The last takeaway I made on the topic of making money with your art online is to provide a good service. This doesn’t mean to just make good art though.
More often than not, my drawings are not the thing that makes clients enjoy the process so much. It’s the communication, the timely notifications, the transparency, the feeling of engagement in the process.
I have found that it is extremely important to do the following when you are commissioned a drawing:
- Set deadlines and expectations from the beginning.
In my case, I provide a rough draft, a coloured version, and a final drawing in 3 different stages so the client can see the progress and request alterations if need be.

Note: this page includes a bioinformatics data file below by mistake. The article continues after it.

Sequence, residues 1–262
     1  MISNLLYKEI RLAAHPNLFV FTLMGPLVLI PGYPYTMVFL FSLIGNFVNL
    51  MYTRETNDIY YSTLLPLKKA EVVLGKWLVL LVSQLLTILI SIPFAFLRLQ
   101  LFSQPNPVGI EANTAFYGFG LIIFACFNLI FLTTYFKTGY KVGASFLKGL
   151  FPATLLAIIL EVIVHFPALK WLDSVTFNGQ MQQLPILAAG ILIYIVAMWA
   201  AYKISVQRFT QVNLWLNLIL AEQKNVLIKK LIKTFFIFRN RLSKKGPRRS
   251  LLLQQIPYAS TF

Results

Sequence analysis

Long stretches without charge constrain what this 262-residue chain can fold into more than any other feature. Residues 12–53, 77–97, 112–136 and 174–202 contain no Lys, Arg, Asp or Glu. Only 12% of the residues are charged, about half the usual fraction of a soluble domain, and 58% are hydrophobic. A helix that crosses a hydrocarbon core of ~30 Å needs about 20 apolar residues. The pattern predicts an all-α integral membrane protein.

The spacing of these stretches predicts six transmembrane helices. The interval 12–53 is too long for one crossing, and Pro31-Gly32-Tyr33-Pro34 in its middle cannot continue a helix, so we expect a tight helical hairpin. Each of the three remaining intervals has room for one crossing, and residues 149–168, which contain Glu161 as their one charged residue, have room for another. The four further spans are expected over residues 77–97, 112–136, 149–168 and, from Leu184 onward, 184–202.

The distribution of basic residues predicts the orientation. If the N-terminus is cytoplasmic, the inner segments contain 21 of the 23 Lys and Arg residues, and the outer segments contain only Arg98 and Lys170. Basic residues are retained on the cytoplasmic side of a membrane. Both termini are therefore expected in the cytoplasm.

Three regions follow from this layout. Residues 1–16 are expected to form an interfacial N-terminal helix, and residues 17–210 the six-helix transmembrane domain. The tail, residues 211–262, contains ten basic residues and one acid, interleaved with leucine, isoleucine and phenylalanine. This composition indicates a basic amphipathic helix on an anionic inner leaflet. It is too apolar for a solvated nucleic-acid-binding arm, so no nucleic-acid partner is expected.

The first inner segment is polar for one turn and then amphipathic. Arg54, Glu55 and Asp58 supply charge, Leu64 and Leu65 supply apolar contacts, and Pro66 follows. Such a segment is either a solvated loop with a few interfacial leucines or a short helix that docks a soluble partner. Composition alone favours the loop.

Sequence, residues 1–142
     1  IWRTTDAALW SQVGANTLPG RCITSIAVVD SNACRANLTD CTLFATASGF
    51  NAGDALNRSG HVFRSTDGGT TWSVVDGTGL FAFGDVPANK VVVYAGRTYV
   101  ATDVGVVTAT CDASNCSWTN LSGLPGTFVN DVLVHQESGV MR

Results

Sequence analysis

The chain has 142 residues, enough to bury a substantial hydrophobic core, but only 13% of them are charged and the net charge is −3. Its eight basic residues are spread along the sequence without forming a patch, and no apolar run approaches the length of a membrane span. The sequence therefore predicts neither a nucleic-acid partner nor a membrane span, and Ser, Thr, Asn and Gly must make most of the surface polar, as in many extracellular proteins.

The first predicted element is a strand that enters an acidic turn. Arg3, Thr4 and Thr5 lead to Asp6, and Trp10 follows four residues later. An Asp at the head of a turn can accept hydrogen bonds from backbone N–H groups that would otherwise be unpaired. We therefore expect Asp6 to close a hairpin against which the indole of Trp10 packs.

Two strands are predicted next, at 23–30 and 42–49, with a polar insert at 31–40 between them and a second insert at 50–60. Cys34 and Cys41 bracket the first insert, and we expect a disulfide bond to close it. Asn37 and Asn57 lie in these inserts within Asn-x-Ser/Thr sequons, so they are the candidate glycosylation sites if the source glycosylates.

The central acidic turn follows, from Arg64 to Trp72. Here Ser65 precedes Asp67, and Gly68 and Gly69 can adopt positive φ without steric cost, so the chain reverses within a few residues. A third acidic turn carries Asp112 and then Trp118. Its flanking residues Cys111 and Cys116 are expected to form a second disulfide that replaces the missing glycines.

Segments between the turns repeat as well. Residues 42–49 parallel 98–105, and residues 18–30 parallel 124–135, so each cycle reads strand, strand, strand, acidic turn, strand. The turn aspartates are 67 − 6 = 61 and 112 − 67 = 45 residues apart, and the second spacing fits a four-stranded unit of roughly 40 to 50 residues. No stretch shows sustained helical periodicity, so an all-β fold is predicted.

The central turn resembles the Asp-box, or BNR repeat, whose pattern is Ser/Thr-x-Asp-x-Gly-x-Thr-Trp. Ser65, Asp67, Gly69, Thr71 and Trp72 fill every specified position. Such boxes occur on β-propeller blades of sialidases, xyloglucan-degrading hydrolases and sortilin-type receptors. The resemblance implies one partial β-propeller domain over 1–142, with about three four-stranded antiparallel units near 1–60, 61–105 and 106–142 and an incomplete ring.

- Be transparent.
If your client has a clear idea of what they will receive as a final product, they would be much happier. The way I provide transparency is by showing them previous work of mine in the beginning, so they can imagine what their own characters would look like in my style.
- Make them part of the process.
The way I accomplish this is by asking for feedback, getting to know the client’s taste and catering to it.
So overall, it has been quite the journey since my first 1$ online. I can’t say for now that I have “made it” as a content creator yet, but I feel like I have made some progress since 2 years ago, and I believe my story would be helpful in your own artistic journey as well.